ORLANDO, Fla., May 7, 2014 /PRNewswire/ — Vestagen Technical Textiles, Inc., today announced that it has entered into agreements with Scrubs AC, Inc., d/b/a allheart, to produce and distribute protective garments for the healthcare sector manufactured using Vestagen’s Vestex® protective fabric. Under the terms of the non-exclusive agreements, allheart will distribute Vestex-protected apparel …
Questions and Answers
First of all I am not sure if this is the right place to ask this question or not. But any way here it goes:If you could buy your scrubs cheaper than you do now, would you? I mean they are not name brand scrubs or anything like that. They would be home made, the color that you want and so on and so forth. You could even pick out the material that you wanted your scrub made with. All I want to know is if they were cheaper and was made good, would you buy them?The reason I am asking this, is because I am thinking very seriously about making scrubs to sell. I was looking in stores a couple of days ago for scrubs for a new job that I am going to get. I was very shocked as to how much they are. I got to figuring it up and realized that I could make them, in most cases a lot cheaper than the stores sell them. Does any one think this would be a good ideal? No I am not advertising either, just wondering if it would work or not, if it is worth trying or not?
[display_name id=”1″]Scrubs made in manufacturing plants are not reproducible at home in your house for anywhere the same price or the same quality. They get price breaks on huge amounts of material, and many are made overseas where the labor cost is very low.
You would be losing money because you could not recoup the amount of time you pile into them.
However, there might be a market for custom-sized scrubs. I know lots of people can’t find them small enough or big enough or maybe they don’t wear the same side top and bottom.
Cna uniform scrubs?? I am starting a cna job soon and am wondering exactly how many pairs of scrubs am i really going to need? How do you coordinate top and bottom colors? Any tips?
[display_name id=”1″]To start with, you’ll need about three sets. One to wear today, one tomorrow, and one in the wash. The easiest way to coordinate them is in the store or catalog. Uniform Advantage and Uniform City are both online and affordable. Another alternative is Wal-Mart. They have decent and very affordable scrubs. Three sets will get you through your first few weeks until you can buy more. How many you buy is completely up to you.
How hard is it to make Scrub Top Uniforms?I was thinking about making some scrub tops because finding guy scrub tops are miserable. Has anyone actually tried to make them? Was it hard (do i need some serious sewing machine experience)? Any tips to make sure they do not rip/tear and make them look professional? Thank you.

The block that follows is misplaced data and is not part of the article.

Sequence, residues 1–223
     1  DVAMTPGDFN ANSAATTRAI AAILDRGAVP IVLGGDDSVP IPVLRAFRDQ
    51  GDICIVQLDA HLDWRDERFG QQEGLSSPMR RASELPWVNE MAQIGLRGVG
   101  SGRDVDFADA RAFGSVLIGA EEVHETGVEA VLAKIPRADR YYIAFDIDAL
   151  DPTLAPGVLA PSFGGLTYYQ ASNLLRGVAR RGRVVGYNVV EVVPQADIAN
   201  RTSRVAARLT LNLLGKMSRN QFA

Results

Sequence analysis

Http://www.tafford.com/thumb.htm?tl=8&am…Could you really make them for cheaper? I’m sure they would be original and nice, but it hardly seams worth the effort when they are so cheap.Good luck!
How do you care for you medical scrubs uniform?I have a friend that works in the medical field. I my be getting a new job that will require me to wear scrubs.
She says she has to iron her scrubs every morning. She can’t iron them the night before and hang them up because they will be wrinkled in the morning..
Is this true. I can’t be ironing every morning–I iron 1x/week and hang the clothes up-until I wear them-even months later
do scrubs (she wears average quality) really need to be ironed immediately prior to wearing?
[display_name id=”1″]I’ve been wearing scrubs for years, and I never iron them. Don’t get anything 100% cotton and you’ll be fine. Polyester/cotton blends don’t wrinkle at all. It all depends on the material. Most of the scrubs that I have are fine as long as I hang them up after they are done in the dryer (even the 100% cotton ones). Just don’t let them sit in the dryer long, and even if they do, just throw in a damp towel and let the dryer on for a few minutes. Trust me, it’s not worth ironing them. By the time I get home from work, it will have made no difference. Some people do prefer to iron them; I worked with a lady who did that as well. The only way I could tell was because she told me. I think it’s just a habit for some people. If you really want to iron them, you can do that in advance when you do all of your ironing and that will be just fine. Hope that helps!